As demand once again returns to mining driving a resurgence in activity, the sector now finds itself operating against a backdrop of declining ore grades, a stronger focus on safety and the need for increased productivity. In this new environment, previous operational paradigms are becoming less appropriate resulting in a strong interest in exploring new operating models.
With technology driving rapid changes in other parts of the economy, the conversation in mining has naturally shifted to bringing a culture of innovation to the sector to address some of these issues. But what is innovation, and is there a process for implementation? If research can be thought of as the process of turning ‘money into ideas’, then innovation is the process of turning ‘ideas into money’. As it turns out, there are many innovation processes, but finding and applying the right one is the key to delivering breakthrough thinking.
By way of example, when done properly, blasting can be the cheapest and most energy efficient form of rock breaking available to the modern mine. Complex blast profiles can be constructed to maximise blast performance and therefore commercial gain, through the use of sophisticated software packages. But, like all analytical tools, the outcome is directly impacted by the quality of input data. Identifying and developing new methods to improve and potentially automate the collection of data ‘on the bench’ through innovative techniques offers an opportunity for significant efficiencies and improved safety.
To add some perspective to the challenge, it is variously reckoned that around 200,000 blast holes are drilled worldwide each day. Once drilled, data on each hole including location, diameter, depth, etc. are captured in the drill log as input to the blast plan.
Currently much of this data is collected manually, often using paper-based systems and sometimes more than once before the blast plan is finally executed. All of this adds up to data reliability issues, and from a safety perspective, more time spent by personnel on the bench putting operators in harm’s way.
Imdex, a global mining technology company, develops products to improve the processes of drilling and for collecting sub- surface data. Having already developed a number of survey sensors and paperless reporting systems for use in exploration, they were well placed to improve and automate data collection on the bench. As they looked at addressing this challenge, they turned to innovation to develop new ideas around ‘digitising the bench’.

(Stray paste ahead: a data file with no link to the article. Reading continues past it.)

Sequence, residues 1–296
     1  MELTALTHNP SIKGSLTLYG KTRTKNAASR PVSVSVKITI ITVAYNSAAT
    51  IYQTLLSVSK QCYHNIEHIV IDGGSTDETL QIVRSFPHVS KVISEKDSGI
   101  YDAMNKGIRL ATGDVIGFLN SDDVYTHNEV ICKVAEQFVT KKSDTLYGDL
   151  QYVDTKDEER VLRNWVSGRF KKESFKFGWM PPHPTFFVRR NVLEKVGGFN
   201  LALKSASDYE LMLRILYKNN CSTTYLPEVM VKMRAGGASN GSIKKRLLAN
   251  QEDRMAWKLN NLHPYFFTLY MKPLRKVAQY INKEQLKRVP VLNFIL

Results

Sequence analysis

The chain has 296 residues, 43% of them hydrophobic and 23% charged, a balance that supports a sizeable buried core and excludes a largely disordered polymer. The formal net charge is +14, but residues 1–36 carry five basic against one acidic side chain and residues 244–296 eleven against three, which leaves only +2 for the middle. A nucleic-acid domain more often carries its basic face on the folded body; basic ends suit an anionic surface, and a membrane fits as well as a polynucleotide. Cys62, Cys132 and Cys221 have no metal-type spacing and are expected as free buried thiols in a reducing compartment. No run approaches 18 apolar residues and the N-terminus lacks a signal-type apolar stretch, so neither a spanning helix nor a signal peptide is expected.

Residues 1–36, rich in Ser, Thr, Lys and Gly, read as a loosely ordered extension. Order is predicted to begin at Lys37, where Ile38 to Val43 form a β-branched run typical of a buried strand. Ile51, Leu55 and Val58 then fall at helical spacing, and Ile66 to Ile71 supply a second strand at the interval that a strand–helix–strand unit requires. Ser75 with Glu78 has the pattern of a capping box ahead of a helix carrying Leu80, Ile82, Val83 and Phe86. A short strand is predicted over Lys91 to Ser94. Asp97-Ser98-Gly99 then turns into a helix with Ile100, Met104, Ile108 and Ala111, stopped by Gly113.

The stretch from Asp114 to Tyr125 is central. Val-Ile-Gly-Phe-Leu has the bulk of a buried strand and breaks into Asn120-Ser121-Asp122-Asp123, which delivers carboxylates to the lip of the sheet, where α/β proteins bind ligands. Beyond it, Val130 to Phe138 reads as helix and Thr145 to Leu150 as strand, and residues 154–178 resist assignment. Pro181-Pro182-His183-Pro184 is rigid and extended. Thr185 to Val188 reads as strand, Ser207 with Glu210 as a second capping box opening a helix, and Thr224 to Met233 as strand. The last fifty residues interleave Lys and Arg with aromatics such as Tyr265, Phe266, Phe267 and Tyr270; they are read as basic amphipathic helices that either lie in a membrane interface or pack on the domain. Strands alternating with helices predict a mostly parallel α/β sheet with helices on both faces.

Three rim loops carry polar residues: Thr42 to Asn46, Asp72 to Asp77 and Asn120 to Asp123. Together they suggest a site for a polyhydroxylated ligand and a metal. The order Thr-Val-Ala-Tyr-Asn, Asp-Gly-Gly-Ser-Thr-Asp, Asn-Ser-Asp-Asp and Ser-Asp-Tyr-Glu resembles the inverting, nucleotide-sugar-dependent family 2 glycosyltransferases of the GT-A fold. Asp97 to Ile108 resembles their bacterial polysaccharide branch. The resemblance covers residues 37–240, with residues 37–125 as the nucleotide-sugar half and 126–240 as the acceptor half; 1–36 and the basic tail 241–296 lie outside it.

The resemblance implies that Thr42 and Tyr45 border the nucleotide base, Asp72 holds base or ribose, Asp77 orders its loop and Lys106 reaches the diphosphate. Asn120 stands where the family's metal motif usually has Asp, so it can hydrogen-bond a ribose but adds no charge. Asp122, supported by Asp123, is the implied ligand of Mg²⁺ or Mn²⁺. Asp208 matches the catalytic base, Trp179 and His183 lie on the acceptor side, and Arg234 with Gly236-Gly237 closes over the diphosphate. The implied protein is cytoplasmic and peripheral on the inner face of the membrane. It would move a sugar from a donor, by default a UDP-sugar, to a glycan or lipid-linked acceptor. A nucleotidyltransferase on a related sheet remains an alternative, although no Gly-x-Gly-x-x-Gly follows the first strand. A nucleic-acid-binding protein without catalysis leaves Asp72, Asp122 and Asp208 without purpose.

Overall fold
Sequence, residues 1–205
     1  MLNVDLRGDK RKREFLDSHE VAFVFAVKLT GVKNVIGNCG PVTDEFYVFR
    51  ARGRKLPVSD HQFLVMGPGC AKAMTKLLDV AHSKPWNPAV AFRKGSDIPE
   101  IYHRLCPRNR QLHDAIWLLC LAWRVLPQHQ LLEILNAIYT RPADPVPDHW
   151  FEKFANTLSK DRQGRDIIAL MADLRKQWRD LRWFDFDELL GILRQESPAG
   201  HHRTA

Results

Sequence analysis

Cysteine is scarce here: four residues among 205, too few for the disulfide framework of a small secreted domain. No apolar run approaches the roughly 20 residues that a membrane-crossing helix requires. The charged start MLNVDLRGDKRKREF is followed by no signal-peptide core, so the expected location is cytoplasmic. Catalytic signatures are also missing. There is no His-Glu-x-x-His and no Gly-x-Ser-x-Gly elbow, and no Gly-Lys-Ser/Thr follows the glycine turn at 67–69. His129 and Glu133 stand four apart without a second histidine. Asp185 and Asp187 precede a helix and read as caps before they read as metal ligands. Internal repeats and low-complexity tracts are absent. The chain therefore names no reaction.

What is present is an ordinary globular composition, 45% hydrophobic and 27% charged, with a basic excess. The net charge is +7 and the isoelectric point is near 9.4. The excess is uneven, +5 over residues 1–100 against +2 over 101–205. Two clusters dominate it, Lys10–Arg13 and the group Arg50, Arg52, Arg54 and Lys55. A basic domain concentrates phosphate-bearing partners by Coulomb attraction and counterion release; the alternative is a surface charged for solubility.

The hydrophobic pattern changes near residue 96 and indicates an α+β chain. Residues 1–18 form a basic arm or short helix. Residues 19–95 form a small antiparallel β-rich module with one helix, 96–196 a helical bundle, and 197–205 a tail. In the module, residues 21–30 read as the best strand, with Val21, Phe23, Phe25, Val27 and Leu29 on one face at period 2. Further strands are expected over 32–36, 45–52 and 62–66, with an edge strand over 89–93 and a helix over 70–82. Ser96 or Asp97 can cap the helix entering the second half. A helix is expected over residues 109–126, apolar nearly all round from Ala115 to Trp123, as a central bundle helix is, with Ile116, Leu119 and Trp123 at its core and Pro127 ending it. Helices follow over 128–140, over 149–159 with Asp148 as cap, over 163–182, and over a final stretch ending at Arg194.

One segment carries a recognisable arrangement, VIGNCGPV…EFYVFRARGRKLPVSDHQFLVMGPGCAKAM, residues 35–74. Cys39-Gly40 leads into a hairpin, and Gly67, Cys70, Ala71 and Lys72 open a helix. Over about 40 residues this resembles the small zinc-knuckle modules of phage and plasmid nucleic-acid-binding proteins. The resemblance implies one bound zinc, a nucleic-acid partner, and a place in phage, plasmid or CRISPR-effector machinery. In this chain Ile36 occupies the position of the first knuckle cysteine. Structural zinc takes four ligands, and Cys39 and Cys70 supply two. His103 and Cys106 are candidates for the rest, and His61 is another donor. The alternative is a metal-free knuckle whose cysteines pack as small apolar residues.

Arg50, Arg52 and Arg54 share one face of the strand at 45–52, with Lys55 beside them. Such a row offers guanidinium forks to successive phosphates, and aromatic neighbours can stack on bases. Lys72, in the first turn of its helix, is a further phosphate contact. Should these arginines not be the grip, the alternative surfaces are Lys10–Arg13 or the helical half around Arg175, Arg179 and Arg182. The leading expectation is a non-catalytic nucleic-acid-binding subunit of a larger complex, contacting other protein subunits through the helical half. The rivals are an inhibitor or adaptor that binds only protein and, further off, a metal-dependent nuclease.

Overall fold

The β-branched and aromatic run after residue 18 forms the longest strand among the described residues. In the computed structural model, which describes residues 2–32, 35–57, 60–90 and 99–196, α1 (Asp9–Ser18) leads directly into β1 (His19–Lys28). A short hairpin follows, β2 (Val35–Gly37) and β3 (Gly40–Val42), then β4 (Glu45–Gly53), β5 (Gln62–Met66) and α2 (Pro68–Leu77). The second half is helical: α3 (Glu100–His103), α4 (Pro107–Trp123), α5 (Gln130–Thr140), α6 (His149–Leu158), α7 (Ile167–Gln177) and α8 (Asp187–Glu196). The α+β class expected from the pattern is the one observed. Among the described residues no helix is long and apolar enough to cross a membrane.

Starting the Journey
Having identified the challenge, where can a company like Imdex start the innovation journey? Before answering that question, it is first useful to think of the journey as a series of ‘horizons’, each representing a more advanced step away from current practice.
This provides a useful methodology for classifying the solutions developed in response to a challenge. It also provides a form of technical roadmap that can be used to commercially structure entry of the solution into the market.
Horizons are a useful mechanism to filter and prioritise individual concepts
Solutions that can be classified as Horizon 1 are generally a reworking of existing practice with an element of engineering novelty. With lower technical risk (but not necessarily effort) these are often used as the first ‘toe in the water’ of a new market.
Horizon 2 solutions are ‘first of type’ implementations that draw upon new insights generated from a deeper analysis of the problem combined with novel engineering techniques – often borrowed from adjacent industries. These are the ‘work horses’ of the innovation process representing a significant step
forward in current practice both technically and commercially.
Horizon 3 solutions are the industry disruptors, representing ideas that will break industry norms. These are typically characterised as involving deeper engineering investigation, longer timeframes and higher technical risk. When managed properly however the commercial payback can be significant.
Trial and error will sometimes produce a workable design solution, but there is a substantial library of tools available to allow teams to produce ‘innovation on demand’. These include well-known techniques such as brainstorming, through to the more esoteric like TRIZ. Each has its strengths and weaknesses and knowing which to apply in response to a problem is critical, particularly where technical challenges need to be solved within commercial timeframes.
For more technically constrained problems one or two subject matter experts conducting desktop research is a useful approach. For more expansive challenges opening up the problem to a broader audience is a better approach. In so doing new perspectives and cross-industry knowledge can be added to in-house expertise to move the problem towards new solution spaces.
The 'digitisation of the bench' challenge, with its constraints and need to build a roadmap of future Horizon 2/3 solutions, falls into the latter category. In this instance the process used was framed around an Ideation workflow adapted to include a strong focus on technical feasibility. The process is outlined in the diagram below.